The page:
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F-16 Fighting Falcon Looks Like a Rocket Taking Off Horizontally at Night

Operators of military airplanes, especially American ones, don’t mind the machines being seen with the naked eye when in friendly skies. They even brag about the available hardware, with the U.S. Air Force for instance apparently having an entire army of people dedicated to snapping instances of warbirds in action.
F-16 Fighting Falcon taking off at night 17 photos
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The pic we have here (click main photo to enlarge) should have shown us an F-16 Fighting Falcon. And it does, only that you really have to strain your eyes to see what’s going on in there. In fact, if it weren’t for the purple-ish, long flame at the rear, coming from the roaring afterburner, we might have not even seen it. As is, we're faced with an instance that could make one think they’re faced with some kind of rocket launching horizontally.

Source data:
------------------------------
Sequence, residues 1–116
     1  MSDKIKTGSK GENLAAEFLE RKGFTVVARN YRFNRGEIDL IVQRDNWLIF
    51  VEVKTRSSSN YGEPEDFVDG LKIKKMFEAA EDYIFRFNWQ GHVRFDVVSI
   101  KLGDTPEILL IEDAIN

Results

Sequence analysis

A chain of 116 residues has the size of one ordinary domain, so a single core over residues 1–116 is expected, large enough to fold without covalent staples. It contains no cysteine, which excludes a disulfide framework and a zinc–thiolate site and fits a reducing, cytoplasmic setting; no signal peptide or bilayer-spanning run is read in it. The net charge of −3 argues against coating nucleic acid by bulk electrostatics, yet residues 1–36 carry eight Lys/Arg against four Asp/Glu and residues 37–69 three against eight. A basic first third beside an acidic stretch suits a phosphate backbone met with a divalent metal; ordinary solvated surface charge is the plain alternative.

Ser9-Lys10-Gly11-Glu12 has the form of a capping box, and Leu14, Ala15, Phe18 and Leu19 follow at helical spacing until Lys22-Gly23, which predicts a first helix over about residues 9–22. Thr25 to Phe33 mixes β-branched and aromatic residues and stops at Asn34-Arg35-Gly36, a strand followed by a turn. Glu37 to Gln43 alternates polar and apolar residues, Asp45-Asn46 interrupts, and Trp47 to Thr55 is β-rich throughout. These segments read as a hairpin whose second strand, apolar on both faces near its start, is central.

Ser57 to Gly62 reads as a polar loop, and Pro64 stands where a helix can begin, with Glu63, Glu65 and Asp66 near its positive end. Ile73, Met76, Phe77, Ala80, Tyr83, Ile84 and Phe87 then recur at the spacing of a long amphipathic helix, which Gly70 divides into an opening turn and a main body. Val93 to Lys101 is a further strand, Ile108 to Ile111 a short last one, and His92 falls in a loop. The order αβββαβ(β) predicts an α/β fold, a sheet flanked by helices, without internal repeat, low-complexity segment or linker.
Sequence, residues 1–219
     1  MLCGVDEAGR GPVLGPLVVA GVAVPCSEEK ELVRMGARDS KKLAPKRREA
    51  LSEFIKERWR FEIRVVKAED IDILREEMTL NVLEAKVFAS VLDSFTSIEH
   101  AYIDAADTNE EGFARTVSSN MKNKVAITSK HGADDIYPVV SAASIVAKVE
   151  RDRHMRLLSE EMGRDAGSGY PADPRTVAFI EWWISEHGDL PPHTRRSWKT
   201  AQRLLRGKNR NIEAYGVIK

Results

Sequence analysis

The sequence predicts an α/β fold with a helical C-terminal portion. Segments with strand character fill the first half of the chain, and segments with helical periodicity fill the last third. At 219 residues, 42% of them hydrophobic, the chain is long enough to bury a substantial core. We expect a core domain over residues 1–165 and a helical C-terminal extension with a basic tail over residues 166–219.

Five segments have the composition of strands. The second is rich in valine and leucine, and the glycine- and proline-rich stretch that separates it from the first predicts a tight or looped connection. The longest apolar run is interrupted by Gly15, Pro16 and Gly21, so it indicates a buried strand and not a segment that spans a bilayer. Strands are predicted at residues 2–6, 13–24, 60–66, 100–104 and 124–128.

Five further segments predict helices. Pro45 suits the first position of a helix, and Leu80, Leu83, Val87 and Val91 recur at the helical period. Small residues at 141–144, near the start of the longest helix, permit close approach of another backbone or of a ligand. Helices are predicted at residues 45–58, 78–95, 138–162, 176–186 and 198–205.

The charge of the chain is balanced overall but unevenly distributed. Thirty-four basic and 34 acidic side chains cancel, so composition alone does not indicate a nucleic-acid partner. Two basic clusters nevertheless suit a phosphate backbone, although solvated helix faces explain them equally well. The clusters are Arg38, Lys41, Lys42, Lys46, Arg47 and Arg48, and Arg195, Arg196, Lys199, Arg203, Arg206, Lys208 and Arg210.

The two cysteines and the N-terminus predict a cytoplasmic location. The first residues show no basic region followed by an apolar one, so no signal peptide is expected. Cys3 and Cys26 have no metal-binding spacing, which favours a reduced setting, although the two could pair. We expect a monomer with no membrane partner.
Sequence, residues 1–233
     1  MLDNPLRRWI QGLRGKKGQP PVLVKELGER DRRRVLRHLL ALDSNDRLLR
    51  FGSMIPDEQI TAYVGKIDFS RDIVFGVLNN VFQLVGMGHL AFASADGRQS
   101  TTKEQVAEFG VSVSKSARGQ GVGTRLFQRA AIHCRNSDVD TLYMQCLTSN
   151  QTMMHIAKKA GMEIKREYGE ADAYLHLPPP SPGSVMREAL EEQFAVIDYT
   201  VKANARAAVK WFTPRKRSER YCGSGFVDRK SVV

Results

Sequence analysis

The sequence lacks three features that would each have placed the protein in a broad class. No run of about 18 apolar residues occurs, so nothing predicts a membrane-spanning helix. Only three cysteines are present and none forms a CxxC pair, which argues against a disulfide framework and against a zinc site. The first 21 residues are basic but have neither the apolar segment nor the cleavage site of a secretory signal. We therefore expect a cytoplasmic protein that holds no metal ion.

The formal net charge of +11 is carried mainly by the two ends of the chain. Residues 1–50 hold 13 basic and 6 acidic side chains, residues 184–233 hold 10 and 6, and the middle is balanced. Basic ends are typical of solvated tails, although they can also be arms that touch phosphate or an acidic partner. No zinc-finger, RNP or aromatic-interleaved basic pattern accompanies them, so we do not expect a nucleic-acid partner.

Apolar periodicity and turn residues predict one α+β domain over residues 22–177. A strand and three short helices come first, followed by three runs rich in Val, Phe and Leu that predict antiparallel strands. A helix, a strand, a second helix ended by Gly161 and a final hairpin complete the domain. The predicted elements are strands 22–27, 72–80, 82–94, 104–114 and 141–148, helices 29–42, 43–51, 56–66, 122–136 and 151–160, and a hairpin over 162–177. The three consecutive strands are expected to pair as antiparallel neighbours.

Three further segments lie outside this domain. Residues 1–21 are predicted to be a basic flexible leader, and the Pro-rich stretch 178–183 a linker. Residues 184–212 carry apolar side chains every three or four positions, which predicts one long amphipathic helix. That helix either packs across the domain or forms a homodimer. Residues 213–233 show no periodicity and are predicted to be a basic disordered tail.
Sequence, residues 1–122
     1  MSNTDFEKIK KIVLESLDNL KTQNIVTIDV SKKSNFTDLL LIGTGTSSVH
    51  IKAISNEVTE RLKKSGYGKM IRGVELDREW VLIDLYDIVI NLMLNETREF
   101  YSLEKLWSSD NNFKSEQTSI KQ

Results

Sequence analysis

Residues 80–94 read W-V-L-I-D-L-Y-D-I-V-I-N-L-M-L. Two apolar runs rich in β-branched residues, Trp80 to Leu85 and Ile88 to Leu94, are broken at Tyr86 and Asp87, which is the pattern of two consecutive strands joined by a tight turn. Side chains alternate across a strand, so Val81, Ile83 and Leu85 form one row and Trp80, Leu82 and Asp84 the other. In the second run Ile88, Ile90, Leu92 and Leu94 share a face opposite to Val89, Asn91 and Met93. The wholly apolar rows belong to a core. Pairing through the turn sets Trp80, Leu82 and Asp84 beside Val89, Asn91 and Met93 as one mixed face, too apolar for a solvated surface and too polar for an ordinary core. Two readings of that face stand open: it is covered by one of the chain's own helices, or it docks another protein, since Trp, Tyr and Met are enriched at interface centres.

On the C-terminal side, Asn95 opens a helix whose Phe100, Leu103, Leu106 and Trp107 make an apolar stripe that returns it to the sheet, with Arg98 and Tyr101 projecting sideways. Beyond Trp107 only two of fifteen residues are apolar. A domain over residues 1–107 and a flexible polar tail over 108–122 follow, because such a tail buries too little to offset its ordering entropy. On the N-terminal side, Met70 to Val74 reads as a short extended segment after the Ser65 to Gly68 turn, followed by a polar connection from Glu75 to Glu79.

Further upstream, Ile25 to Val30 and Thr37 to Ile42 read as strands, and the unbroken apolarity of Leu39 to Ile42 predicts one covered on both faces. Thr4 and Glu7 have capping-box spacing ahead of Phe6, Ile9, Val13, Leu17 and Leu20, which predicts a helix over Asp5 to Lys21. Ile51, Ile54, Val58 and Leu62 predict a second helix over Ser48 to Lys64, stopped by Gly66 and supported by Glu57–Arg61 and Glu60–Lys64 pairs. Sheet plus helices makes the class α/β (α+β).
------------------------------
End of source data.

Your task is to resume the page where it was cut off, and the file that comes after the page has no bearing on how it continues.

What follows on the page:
And, for all intents and purposes, these things are rockets, only piloted, winged, and capable of landing after they’ve struck their targets. The engine at the back, either a General Electric or a Pratt & Whitney, depending on version, is capable of shooting the plane toward the enemy at speeds of two times the speed of sound, or 1,535 mph (2,470 kph).

The one we see here has not reached its top speed, of course, but enough of it to get itself off the ground. In this pic, it did so from Truax Field, Wisconsin, at the beginning of October, as part of 115th Fighter Wing’s (to which it belongs) deployment to the Middle East. The mission called for 300 airmen and a number of such F-16s to be sent to the Prince Sultan Air Base, Saudi Arabia, in support of U.S. Central Command operations.

The USAF, which proudly released the image recently, calls this type of night takeoff a night burn, and they couldn’t be more accurate.

 
 
 
 
 

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